Today’s guest is April Fiet. She is also part of my online community and I am honored to call her my friend. She encourages and challenges me with her writing. I love how she takes you on her journey of hope and the wrestling with it, and how that has played out in her life.
 
 
It feels wrong to write about hope while you are in the darkness of grief.
 
After all, hope is a sunny optimism, is it not?
 
When I was a young child, probably around the age of 7 or so, if you had asked me what hope meant, I probably would have told you that it meant being happy no matter what. I would have given you a definition that better suited the word “optimism” than the word “hope.” Having grown up in church my entire life, I had internalized songs about joy, songs about praise. I heard stories about the triumph of good over evil. And, somehow, I assimilated this idea that Christians were to be filled with happiness all of the time.
 
After all, we were a people of hope. And hope does not disappoint.
 
The problem with this kind of hope is that it begins with the premise that things are already as they should be. This kind of view is more in line with the philosophical category of optimism that already believes the world is at its best. Optimism sees the best in every situation. Optimism is different from hope.
 
But in my juvenile understanding of hope, I equated hope with optimism. I believed that being a person of hope meant always having a smile on my face. I thought that times of sadness were sinful. That suffering was just a lack of perspective – not that I had never suffered. I had. I had been hurt. Deeply. I knew that the world was not at its best. I wanted to hope, but I did not know how. And, as I grew, (both in years and in my faith), I came to realize that hope was something completely other than optimism, though I did not know how to define it. Hope was something intangible, but hope was also something real.
 
I grappled with what it might mean to be a person of hope, but I did not know how to live it out. Perhaps I would recognize hope when I saw it.
 
And then this past summer, I heard someone define hope as, “Believing in something enough to do something about it.” Hope did not mean that the world was already at its best. It did not mean plastering a smile on over my pain and broken-heartedness. It meant acknowledging the suffering, and believing in a better reality enough to do something about it. Hope was both intangible and active. Hope was somehow both a present reality and a future longing. In some mysterious way, hope was able to coexist with suffering and sadness.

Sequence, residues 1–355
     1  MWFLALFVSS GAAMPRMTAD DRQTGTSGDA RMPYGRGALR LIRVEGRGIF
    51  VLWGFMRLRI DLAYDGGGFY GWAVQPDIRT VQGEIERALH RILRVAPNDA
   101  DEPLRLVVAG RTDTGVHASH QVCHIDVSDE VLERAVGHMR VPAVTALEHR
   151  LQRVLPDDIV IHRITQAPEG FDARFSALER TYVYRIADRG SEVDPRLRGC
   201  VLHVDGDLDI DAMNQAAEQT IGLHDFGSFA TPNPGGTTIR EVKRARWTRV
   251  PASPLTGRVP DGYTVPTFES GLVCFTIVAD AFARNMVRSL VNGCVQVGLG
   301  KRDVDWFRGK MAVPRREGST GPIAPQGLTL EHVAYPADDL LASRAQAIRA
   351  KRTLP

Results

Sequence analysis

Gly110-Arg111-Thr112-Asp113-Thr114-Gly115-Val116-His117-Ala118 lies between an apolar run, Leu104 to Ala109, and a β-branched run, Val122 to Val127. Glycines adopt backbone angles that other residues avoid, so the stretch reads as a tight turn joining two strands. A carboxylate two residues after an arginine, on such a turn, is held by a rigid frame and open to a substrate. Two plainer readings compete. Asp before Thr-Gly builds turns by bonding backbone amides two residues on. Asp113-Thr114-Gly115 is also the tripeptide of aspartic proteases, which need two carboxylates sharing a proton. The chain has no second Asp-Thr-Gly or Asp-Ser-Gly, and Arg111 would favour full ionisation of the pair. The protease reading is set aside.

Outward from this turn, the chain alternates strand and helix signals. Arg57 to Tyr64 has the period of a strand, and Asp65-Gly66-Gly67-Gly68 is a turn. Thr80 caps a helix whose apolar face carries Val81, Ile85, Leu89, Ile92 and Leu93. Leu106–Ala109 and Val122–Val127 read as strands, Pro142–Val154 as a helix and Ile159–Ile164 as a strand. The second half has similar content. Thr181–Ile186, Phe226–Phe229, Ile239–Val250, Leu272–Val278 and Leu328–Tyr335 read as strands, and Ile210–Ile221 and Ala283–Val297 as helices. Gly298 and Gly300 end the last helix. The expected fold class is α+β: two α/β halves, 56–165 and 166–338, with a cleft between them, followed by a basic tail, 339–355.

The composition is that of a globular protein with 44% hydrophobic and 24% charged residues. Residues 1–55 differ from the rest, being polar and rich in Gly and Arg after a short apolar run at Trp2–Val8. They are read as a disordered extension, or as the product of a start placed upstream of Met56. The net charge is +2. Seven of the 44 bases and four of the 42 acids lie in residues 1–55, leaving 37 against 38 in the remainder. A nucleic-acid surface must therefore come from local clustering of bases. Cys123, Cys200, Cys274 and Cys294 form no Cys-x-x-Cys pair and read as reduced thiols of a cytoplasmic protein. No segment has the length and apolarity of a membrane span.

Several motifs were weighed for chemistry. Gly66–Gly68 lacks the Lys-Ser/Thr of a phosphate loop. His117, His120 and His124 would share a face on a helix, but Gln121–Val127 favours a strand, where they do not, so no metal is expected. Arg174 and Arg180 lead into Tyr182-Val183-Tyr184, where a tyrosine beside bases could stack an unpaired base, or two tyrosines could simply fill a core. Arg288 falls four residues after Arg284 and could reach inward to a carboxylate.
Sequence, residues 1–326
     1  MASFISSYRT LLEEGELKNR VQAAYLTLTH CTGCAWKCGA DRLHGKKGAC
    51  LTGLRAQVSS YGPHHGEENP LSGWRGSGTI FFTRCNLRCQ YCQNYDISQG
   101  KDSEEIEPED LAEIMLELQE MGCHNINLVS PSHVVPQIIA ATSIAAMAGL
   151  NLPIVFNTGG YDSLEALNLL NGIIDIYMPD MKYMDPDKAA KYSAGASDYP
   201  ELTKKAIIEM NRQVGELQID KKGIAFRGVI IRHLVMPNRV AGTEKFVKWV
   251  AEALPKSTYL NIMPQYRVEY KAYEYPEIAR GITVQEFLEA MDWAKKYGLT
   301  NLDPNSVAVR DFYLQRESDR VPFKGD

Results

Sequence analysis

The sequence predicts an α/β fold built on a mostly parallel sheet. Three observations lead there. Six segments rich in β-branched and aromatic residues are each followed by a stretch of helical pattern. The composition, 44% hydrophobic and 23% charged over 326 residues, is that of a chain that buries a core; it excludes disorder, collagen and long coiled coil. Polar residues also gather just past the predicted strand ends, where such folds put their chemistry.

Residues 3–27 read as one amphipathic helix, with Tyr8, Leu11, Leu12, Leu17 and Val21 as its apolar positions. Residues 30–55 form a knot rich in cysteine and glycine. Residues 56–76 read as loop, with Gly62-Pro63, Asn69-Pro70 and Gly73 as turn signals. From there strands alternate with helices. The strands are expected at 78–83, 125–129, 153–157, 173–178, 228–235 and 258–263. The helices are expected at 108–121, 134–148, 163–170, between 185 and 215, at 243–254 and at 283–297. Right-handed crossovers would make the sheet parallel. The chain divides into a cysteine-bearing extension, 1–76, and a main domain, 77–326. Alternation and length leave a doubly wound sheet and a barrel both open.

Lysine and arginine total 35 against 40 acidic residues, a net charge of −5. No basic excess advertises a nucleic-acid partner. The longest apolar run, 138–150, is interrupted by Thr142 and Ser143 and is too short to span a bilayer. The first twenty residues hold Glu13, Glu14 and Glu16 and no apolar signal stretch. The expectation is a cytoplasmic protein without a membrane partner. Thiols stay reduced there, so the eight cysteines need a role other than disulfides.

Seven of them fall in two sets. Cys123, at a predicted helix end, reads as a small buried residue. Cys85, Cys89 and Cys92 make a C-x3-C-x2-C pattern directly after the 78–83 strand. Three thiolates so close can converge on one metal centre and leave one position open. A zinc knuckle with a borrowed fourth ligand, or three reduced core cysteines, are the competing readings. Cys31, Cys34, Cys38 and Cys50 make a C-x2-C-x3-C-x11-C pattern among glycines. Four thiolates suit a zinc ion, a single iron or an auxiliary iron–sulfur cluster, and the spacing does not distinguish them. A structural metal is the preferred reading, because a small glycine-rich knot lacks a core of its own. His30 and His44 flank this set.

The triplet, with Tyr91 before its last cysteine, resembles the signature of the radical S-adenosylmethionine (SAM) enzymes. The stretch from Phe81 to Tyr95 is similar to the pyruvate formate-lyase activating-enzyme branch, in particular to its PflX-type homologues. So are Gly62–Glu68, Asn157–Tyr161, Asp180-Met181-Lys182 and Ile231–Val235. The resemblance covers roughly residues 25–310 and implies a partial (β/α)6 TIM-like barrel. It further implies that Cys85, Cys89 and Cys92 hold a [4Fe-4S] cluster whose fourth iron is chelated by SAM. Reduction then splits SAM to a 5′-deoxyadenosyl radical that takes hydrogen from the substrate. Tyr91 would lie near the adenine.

Hope is the expectation of something better, the longing for the better to become a reality. Hope is believing in something enough to do something about it.
 
This kind of hope – a hope that is far more than naive optimism – not only is capable of co-existing with suffering, but it in some way also works to overcome it. Hope is not a passive optimism; it is an active pursuit.
 
But, what about those times when you can’t seem to work toward the better you are longing for? What about those times when the darkness is so thick and palpable that you feel trapped by it, unable to move?
 
Sometimes the most active hope we can muster is picking up the phone and asking someone to help us – a family member, a friend, a therapist. And for darkness and despair that is more than simple sadness, sometimes this is the best way we can hope.
 
For me, at this moment in time, the darkness in my life comes from deep loss. Quite recently we lost a close family member to aggressive cancer. And the grief during times of profound loss brings the urgency of a renewed and healed world to the forefront. We need a Savior, and the darkness of grief makes that need both so apparent, and so hard to trust in.
 
Darkness and pain can make hope seem impossible.
 
Any remnant of optimism is shattered. Clearly, the world is not at its best. And the triumphant and active pursuit of hope seems more that my weary heart is capable of. Hope can still live in places like these – in those places of our lives that seem the most arid and hopeless. Sometimes our sorrow is the most appropriate form of protest. We weep because the world is not at its best. Our tears are the voice of one crying out in the wilderness. Our broken hearts point the way toward the future reality in which every tear will be dried, and death will be no more.
 
Hope is faith with its boots on the ground – both in the moments of profound joy, and in the moments of deep pain.
 
Hope is believing in something enough to do something about it, even if the only thing we can do is weep.
 
 
 
 
 
April has served as a co-pastor with her husband Jeff for 7 years. They are raising two fantastic, school-age children, which keeps life fresh, fun, and a bit chaotic at times. April enjoys running (at a snail’s pace), karate, baking bread, reading (theology and children’s books), crocheting, and taking pictures of nearly everything. You can connect with April on her blog, At the Table with April Fiet and on Twitter.
 
 
 
 
 

This article has 2 comments

  1. Margaret Reply

    Amen amen. I have done so much thinking and writing about hope during these last difficult seasons. So much of what you write resonates. Beautifully put.

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